Driver Vs 3 Wood – What’s The Difference & What To Use
They say that your drive for show and putt for dough, however, the stats are starting to show that longer hitters make more money on tour.
The thing is, this only works when you hit fairways. There is nothing to be gained from hitting the ball far into the rough or worse.
Many see the driver and the 3 wood as their two options from the tee but how do you know when to choose which?
The 3 wood is also a great option for long distance attacks at the green. Read on to learn more about these two great clubs and what to use when.
Trust In The 3 Wood
The first set I ever owned was a half-set that came with a 3 wood, odd numbered irons, a wedge and a putter.
Little did I know that these few clubs would spark a lifelong obsession.
The 3 wood in that set would become my favourite club and I didn’t own a driver I could hit for many years.
As a junior golfer I put all of my trust in the 3 wood from the tee. I loved it and used it constantly.
It wasn’t until I was a fair bit older that I found a driver I trusted and loved like my various 3 woods.
What Are The Main Differences Between And A 3 Wood
Unless you’re Bryson DeChambeau, the loft of your driver probably sits somewhere between 8 and 12 degrees.
Your 3 wood is more likely to have between 13 and 16 degrees of loft. You will choose the loft depending on whether your 3 wood is mainly for the tee or for the fairway.
Drivers are longer than 3 woods.
The standard driver is between 45 and 46 inches, many manufacturers have increased the length to make added yardage claims.
The standard length of a 3 wood is 43 inches.
Most drivers have a head size of 460cc, some have a smaller 445cc though they are rarer in the market now.
They are strictly limited by the rules of golf. 3 woods have a much smaller clubhead, they tend to have a volume of 130cc to 150cc.
Should You Always Carry Both?
It is really important to have options from the tee and for that the driver and 3 wood setup is excellent.
However, TaylorMade have brought out a Mini Driver for those who only want a second club for tee shots.
The 3 wood is also a great club to use for long fairway shots on par fives.
Should Anybody Not Carry A Driver?
If you really struggle using a driver from the tee then you should consider not carrying one until you find one that works for you.
By playing a 3 wood from the tee you could hit more fairways and it could be great for your game.
The 3 wood is your tee shot safe play.
Driver Vs 3 Wood Off The Tee
The driver goes longer than the 3 wood off the tee, once you hit it properly
You do forgo a bit of accuracy for this added distance though, the shorter shaft length and increased loft of the 3 wood means that you should find more fairways with it.
The 3 wood is also great for shaping the ball around a corner.
If you can find a driver that works well for you then it is the best case scenario for tee shots.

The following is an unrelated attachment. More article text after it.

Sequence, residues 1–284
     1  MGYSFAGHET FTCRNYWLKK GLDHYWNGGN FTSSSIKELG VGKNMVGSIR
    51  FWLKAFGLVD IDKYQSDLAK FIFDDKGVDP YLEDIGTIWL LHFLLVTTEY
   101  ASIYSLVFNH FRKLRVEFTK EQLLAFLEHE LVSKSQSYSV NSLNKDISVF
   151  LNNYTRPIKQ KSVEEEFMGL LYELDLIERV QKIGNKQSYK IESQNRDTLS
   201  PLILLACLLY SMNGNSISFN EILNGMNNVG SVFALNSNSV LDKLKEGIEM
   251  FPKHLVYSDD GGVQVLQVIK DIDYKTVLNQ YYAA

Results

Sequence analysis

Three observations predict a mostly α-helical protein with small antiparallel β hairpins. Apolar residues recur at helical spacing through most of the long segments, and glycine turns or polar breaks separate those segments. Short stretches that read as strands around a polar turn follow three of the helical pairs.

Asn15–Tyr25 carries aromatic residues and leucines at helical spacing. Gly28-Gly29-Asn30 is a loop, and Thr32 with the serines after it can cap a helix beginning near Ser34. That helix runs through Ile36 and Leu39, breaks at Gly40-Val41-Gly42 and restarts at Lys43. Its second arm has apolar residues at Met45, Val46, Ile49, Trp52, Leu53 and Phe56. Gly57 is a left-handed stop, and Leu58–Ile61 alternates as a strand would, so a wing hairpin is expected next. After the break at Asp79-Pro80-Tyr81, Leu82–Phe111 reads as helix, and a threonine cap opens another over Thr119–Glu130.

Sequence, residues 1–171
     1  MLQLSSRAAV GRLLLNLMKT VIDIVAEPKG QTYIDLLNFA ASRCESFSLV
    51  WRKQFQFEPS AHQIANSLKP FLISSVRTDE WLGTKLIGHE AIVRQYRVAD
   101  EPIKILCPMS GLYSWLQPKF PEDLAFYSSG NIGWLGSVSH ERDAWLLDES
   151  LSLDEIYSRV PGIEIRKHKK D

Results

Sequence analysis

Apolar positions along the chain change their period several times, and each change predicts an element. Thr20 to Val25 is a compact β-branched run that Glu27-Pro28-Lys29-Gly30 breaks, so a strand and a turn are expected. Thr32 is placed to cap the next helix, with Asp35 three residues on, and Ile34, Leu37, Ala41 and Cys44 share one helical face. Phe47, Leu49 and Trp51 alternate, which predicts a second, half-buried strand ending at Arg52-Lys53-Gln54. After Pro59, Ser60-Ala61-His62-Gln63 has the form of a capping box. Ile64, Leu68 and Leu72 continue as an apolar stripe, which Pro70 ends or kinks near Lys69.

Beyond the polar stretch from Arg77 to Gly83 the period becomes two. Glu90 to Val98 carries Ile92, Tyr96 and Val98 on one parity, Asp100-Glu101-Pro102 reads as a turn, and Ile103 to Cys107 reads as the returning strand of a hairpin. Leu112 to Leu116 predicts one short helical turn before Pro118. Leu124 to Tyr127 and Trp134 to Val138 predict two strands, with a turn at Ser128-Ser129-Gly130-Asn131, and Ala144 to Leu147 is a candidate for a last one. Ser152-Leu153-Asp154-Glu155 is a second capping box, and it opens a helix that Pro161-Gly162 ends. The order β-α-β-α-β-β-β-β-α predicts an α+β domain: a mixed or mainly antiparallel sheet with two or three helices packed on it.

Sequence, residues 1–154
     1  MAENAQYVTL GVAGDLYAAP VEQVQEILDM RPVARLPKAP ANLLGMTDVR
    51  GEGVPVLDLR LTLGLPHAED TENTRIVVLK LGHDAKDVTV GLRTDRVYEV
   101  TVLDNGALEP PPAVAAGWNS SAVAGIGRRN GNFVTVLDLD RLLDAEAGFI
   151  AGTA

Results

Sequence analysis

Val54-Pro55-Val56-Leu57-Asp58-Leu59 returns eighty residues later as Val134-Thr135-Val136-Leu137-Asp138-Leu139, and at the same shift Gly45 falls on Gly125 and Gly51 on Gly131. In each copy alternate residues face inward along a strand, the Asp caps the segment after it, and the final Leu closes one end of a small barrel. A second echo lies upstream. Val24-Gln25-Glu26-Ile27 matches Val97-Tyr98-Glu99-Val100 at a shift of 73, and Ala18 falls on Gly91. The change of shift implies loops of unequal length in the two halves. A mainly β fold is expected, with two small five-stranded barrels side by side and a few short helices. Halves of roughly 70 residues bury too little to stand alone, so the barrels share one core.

You get significantly more distance but it is worth having a good 3 wood or even a 3 hybrid or iron too for tricky tee shots or those that require a bit of shape around a corner.
Why Do Some People Prefer A 3 Wood Off The Tee?
The added accuracy and ability to shape the ball makes it more preferable to many.
Another thing that some like about the 3 wood is that in matchplay it can be a great tactical tool.
Hitting a 3 wood can mean you’re hitting your second shot in first this can add pressure to your opponent.
Driver Vs 3 Wood For A Beginner
As in my story at the start of this article, I started my golfing life with a 3 wood only.
I think it is a great place for beginners to start as it will teach you how to hit a driver but help instil confidence whilst you do it.
Do Any Pros Use A 3 Wood Off The Tee?
They do and they do it frequently.
There are many occasions when a pro will feel that position is more important than distance from the tee so they would use the 3 wood instead of the driver.
They may also want more side spin to shape the ball around the corner of a dogleg.
Of course, when talking about pros who hit a 3 wood from the tee, you absolutely have to mention Henrik Stenson.
The Swede is known for his incredible 3 wood which he uses more than a driver and to brilliant effect.
Why Do I Hit My 3 Wood Further Than My Driver?
One of the most important factors that determines how far you hit a ball is the quality of the strike.
Even a slight mishit can kill your distance significantly, the added length of the driver can make it harder to consistently hit the sweet spot.
If you have a 3 wood with a fairly strong loft, a driver with a weaker loft and you strike your 3 wood better than your driver, you may hit it further.
Also, if you have a 3 wood that suits your swing and a driver that doesn’t then you could be in this position too.
Why Do I Slice My Driver But Not My 3 Wood?
The added length of the driver can mean that it is harder to deliver a square face at impact.
The fact that there is also less loft can make it harder to hit the ball straight too. The textbook setup of a driver can also make you more susceptible to slicing the ball.
Driver Vs 3 Wood Setup
The way that modern drivers are made means that to maximize your distance from the tee you should hit up on the ball.
This minimizes spin whilst getting the ball into the air so that it can fly further and roll less.